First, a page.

When new members join teams, particular care should be taken to introduce them to the members of the team and to ensure that their care is harmonised with that of other team members and teams.13

C Moderate
4.10

Departments should consider developing diagnostic ultrasound skills as appropriate to emergency anaesthesia.

GPP Moderate
4.11

Clinicians undertaking emergency anaesthesia must be familiar with managing patients with a tracheostomy.72,73

M Mandatory

5. Patient Information

The basic principles of information and consent that apply to elective patients also apply to emergency patients. For emergency patients there are additional considerations that may make this process more complex and difficult to deliver. These include patient factors (fear, pain, analgesic medications, pre-existing comorbidities and frailty), disease (uncertainty of diagnosis and prognosis) and situational factors (speed of decision making, multiple medical inputs and uncertainty of critical care requirements). These additional issues should be understood and taken into account when an emergency patient is given information or consent is sought. This is particularly true in vulnerable patients (i.e. patients with learning disabilities, dementia and communication difficulties).

Evidence of the efficacy and feasibility of delivery of these principles for emergency anaesthesia is limited.

The Royal College of Anaesthetists has developed a range of Trusted Information Creator Kitemark accredited patient information resources that can be accessed from our website. Our main leaflets are now translated into more than 20 languages, including Welsh.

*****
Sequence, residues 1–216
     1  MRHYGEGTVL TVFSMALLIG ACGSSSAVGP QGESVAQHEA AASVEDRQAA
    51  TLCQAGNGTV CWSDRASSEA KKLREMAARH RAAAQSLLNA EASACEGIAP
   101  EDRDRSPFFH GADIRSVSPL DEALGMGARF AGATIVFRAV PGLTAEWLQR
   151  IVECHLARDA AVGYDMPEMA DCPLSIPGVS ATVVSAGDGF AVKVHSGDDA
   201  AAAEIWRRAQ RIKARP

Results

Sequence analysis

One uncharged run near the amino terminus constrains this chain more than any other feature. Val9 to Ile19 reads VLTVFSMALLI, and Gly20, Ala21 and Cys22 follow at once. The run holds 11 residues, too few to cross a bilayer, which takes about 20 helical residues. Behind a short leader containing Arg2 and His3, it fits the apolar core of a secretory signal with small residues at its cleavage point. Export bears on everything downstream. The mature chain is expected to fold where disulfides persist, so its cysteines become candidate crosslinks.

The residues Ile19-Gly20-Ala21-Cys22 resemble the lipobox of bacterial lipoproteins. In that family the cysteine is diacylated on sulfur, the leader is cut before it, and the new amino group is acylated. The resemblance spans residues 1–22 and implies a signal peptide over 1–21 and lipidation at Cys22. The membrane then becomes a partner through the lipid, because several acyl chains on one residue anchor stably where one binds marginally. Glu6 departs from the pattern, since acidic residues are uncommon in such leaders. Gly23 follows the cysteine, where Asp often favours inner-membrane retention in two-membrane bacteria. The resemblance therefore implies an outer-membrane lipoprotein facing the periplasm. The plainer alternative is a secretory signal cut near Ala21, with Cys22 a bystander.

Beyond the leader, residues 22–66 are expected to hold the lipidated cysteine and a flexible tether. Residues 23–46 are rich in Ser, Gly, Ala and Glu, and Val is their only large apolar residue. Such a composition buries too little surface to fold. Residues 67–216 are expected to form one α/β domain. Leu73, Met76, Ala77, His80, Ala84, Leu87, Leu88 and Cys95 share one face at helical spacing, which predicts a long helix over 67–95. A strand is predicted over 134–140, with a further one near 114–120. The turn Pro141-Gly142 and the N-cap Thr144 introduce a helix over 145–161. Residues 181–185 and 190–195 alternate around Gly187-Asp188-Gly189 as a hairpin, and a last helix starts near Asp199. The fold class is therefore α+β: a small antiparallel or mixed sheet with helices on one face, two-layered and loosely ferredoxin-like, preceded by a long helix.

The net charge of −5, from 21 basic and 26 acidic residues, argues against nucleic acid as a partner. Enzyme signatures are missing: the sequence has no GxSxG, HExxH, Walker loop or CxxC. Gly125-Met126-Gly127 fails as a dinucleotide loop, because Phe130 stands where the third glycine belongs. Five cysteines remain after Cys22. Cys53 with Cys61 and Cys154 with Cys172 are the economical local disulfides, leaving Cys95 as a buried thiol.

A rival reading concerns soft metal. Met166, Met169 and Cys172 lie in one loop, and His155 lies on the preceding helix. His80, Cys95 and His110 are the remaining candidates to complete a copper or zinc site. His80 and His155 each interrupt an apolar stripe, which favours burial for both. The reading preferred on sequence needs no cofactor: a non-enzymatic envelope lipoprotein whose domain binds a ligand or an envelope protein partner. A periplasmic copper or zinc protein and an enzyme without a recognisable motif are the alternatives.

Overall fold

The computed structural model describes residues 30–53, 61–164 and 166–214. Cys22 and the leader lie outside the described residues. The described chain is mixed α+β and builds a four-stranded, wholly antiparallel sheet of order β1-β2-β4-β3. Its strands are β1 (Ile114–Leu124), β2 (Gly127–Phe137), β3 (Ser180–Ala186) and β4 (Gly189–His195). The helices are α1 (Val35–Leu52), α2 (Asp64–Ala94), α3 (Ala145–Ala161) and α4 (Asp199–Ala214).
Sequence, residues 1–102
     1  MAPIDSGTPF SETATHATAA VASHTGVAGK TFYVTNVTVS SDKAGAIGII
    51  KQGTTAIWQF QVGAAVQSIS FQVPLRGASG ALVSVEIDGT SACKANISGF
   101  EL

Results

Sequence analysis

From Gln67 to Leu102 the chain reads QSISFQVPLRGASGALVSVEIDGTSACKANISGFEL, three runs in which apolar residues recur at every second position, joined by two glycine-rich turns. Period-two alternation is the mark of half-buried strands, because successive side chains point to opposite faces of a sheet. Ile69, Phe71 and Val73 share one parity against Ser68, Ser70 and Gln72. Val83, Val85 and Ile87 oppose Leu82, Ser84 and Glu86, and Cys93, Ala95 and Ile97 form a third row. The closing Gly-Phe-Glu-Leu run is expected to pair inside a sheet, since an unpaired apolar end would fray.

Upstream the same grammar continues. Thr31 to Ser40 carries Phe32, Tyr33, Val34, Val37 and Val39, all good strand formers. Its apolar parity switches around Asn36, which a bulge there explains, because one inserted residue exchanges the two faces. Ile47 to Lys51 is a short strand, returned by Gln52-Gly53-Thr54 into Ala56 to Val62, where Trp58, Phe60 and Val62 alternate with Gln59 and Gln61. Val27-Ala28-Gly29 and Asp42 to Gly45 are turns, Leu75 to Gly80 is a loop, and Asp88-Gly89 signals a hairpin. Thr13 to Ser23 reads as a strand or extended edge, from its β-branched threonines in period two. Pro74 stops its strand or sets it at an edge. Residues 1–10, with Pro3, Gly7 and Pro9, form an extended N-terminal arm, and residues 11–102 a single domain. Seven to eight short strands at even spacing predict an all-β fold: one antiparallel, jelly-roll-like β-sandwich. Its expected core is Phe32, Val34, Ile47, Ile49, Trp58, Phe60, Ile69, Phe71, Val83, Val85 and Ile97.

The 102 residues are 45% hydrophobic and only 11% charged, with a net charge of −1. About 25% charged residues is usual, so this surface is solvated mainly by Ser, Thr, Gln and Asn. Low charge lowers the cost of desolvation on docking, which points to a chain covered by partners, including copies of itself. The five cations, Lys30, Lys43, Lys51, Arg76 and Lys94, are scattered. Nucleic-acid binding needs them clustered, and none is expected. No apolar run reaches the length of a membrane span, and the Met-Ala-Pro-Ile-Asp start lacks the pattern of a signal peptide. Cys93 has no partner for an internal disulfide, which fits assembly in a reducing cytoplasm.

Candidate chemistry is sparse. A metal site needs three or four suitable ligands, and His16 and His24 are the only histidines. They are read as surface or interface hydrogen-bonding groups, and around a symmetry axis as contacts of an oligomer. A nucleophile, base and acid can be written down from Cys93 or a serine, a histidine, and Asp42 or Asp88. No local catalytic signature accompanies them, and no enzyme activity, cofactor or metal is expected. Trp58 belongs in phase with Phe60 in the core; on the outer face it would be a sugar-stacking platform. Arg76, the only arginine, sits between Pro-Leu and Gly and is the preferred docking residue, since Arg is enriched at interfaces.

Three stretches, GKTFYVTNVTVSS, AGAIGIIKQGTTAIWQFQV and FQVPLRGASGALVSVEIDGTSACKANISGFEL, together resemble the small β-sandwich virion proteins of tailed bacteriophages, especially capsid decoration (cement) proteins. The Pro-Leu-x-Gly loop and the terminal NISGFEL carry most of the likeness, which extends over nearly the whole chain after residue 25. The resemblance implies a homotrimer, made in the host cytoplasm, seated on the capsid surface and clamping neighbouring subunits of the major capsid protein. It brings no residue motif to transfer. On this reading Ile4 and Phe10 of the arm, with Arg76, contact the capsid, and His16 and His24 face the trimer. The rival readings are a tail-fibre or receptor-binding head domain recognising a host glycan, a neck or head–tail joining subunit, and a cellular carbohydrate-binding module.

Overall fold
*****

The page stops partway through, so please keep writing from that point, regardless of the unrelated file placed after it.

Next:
5.1

If needed, patients and/or advocates should have access to an interpreter wherever possible to facilitate communication.132

C Strong
5.2

Consideration should be given to assessing a patient’s understanding of information given. At the end of an explanation, patients should be asked if they have any questions. Any such questions should be addressed fully and details recorded. If urgency allows, this is better undertaken in the presence of patient’s relative(s) and/or carer(s).46,133 When this is not feasible in an emergency situation communicating the decisions to the next of kin should be considered. If there is no next of kin, independent medical advice or a second opinion should be sought.

C Moderate
5.3

Paper and/ or electronic based patient information leaflets in addition to a verbal explanation should be provided to emergency patients to improve retention of information.134

GPP Strong

Consent

5.4

All practitioners must follow the practices outlined in the GMC decision making and consent guidance.135 Documentation of the risks discussed or the dialogue leading to a decision is required in accordance with paragraphs 50–55.

M Mandatory
5.5

Informed consent should take into account the benefits and risks of the procedure, alternative options available and the option of doing nothing. Consent should be given at the earliest possible opportunity in view of limited time available for the patients having emergency surgery to consider the information.4,15,136,137 All discussions should be clearly documented.

C Strong
5.6